When I came up with it, I thought the idea of a ‘guilty displeasure’ was genius. An album that you knew you were supposed to like, that had become established in the annals of rock history as a key work (or potential key work) but that you just hadn’t clicked with yet. Throw it into the DRC blender, let the other guys point out where you are going wrong and, hey presto, you have another once-neglected classic to add to your trove.
There are plenty of albums in my collection that fit this bill. As a careful, as opposed to carefree, purchaser of records I will often research an album in minute detail before acquiring it, to such an extent that I often know the song titles, running time and recording history before hearing a note! I am definitely the opposite of a completist. I don’t think I own all the albums by any major artist who has stuck around long enough to make more than a couple of records (although I do own the Nick Drake box set, he hardly has an extensive discography) as I will ditch an artist as soon as I sense that I no longer need any more music by them. So I should only have a few guilty displeasure records in my collection; yet there are loads, and most of them tend to be the established classics, those BIG records that are firmly of the canon, in the top 50 of the latest (ridiculous) top 1000 records of all time lists. You know the ones: Sgt Pepper’s, Blood on the Tracks, most Neil Young, Funeral, Transformer, The Stone Roses, Screamadelica, Murmur. In other words, records that are so highly regarded that no amount of scouring the music press or internet review pages can put you off…because there just isn’t much written that could put you off. But I knew before our meeting that my mind is more-or-less made up about these records, that no amount of persuasion would alter the way I felt about them. So I went for The Meadowlands instead. Thought it would work. It didn’t!
I have only owned The Meadowlands for about six months, having wanted to own it for a few years beforehand. I first became aware of the album around about the time I started following Pitchfork – it was in their 2003 year end top album list (number 18 and scoring a whopping 9.5 – I put that in just for Nick, knowing how much he likes ‘the numbers’ – in their review) and I clocked it as an album that I would probably get on with. Over the intervening decade the album’s reputation seemed, if anything, to grow! In the end of decade chatter it frequently cropped up as one of the most important and rewarding releases of the noughties and was talked of as a grower of rare depth and staying power. Just my sort of thing. I probably had unrealistic expectations by the time I slapped it on the turntable for the first time.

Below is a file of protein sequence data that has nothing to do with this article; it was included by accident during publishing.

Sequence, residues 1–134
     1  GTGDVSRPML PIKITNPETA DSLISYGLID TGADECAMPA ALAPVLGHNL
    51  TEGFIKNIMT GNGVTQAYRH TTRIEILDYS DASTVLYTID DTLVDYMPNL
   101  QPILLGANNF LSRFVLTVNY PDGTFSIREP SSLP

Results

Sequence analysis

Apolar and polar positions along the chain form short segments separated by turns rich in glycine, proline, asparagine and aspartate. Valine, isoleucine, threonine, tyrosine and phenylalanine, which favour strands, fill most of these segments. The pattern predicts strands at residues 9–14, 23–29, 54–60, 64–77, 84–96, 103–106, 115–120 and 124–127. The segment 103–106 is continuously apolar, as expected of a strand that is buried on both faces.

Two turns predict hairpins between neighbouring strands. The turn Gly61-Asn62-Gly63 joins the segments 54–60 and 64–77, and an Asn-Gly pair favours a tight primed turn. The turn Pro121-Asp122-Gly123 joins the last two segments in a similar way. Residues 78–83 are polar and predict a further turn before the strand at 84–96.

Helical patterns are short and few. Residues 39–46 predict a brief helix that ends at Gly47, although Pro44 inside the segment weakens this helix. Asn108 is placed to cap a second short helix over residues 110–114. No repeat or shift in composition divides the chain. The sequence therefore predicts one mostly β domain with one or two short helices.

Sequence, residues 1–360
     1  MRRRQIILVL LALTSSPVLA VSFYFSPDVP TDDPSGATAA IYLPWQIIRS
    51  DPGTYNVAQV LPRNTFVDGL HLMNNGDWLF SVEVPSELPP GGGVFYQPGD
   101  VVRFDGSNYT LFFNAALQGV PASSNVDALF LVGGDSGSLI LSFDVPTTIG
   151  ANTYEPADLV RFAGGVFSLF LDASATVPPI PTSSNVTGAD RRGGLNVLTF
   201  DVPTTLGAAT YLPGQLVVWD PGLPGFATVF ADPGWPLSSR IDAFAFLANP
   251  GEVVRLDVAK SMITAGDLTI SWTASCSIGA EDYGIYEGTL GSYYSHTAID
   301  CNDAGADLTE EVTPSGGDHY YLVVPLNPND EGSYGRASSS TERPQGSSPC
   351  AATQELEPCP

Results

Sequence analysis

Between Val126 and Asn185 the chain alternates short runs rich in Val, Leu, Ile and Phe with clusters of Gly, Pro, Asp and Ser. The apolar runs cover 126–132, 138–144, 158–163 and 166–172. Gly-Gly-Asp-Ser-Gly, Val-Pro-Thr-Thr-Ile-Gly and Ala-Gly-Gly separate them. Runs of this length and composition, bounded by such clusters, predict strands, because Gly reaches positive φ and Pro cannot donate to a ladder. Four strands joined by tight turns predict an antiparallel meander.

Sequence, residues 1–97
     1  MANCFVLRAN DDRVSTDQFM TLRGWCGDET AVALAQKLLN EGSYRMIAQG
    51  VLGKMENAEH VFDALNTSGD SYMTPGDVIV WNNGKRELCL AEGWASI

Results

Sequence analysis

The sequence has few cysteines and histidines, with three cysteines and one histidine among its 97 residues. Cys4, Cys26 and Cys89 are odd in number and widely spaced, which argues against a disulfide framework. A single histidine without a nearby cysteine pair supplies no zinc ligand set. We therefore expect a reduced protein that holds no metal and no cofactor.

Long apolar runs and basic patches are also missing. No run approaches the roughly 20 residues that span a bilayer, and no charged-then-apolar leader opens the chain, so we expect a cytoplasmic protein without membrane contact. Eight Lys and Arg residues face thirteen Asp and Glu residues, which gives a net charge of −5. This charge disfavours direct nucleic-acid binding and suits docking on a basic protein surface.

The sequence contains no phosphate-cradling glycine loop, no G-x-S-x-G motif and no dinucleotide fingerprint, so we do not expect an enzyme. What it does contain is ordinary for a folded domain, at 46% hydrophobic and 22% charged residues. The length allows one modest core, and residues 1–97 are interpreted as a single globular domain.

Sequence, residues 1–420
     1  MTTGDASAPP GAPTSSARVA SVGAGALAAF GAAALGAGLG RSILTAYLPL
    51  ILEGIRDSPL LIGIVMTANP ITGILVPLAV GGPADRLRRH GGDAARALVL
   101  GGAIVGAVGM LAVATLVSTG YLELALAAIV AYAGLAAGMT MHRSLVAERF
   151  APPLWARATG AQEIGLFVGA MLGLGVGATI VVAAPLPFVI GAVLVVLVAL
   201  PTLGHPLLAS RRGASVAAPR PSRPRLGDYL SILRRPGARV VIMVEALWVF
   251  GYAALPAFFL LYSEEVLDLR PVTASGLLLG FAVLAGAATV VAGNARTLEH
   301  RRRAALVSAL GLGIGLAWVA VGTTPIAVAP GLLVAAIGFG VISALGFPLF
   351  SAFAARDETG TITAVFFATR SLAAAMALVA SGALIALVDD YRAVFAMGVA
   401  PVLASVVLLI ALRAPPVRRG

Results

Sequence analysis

What’s wrong with it? Nothing really. Most of the songs are pretty interesting with nice melodies, good to great lyrics, they shift around a bit, usually building to a climax but employing a range of dynamic shifts along the way. I certainly don’t dislike the record but, much in the same way Nick (wrongly, as it happens) feels about Pet Sounds, I don’t love it like I should…and I am beginning to feel I never will. In the back of my mind I am holding on to those comments I read that said, ‘hang in there, the time you invest will be more than paid off when it clicks’ but I have really tried already with The Meadowlands and it hasn’t clicked yet. I thought perhaps that playing it at DRC would do the trick but, if anything, the views of the fellow members (with the exception of Graham, who seemed to quite like it) reinforced my own. I think Rob, in particular, said something that rang true: ‘it all sounds a bit flat’. I know what he means and, whilst I haven’t completely given up on The Meadowlands yet, I do wonder if it will ever become anything other than a (slightly) guilty displeasure.
Graham listened: For a first listen I quite enjoyed this. Some tracks seem to ramble rather than develop, but I would certainly listen again (not that Tom would lend it to me when he saw the state that Green arrived in!).
Rob listened: This sounded inconsequential to me, I’m afraid. I’m aware of its rep, but it came across like run of the mill alternative rock, recorded just badly enough give it a patina of faux authenticity and desperation. I’m sure it’s completely heartfelt, and it appears to be a record that many people hold dear to their hearts, but Tom, i’d give up if I were you.
Nick listened: Writing for Stylus from 2002 to 2007, there were many, many record enthused about by my compatriot reviewers which I did not get, or, indeed, from the tone of their enthusings, did not even bother to try and acquaint myself with. This is one of them. The cover is awful; who knows where the phrase “you should never judge a book by its cover” originated, but I thoroughly disagree – book, and by extension record, covers are MEANT to be judged, are meant to lure you in, to make you want to hear a song or read a story, to offer an impression of what might be contained within. I guess Meadowlands did that for me; clumsily composed, solipsistic, monochrome, lacking definition, dated, without personality… I’m unsure whether I’m describing the artwork or the record, because this just sounded like pointless, identikit American woe-is-me pseudo-meaningful indie rubbish, and I suspect that a huge part of its mythos is based around its backstory (misery, delays, personal troubles, record label failings; who givers a toss?).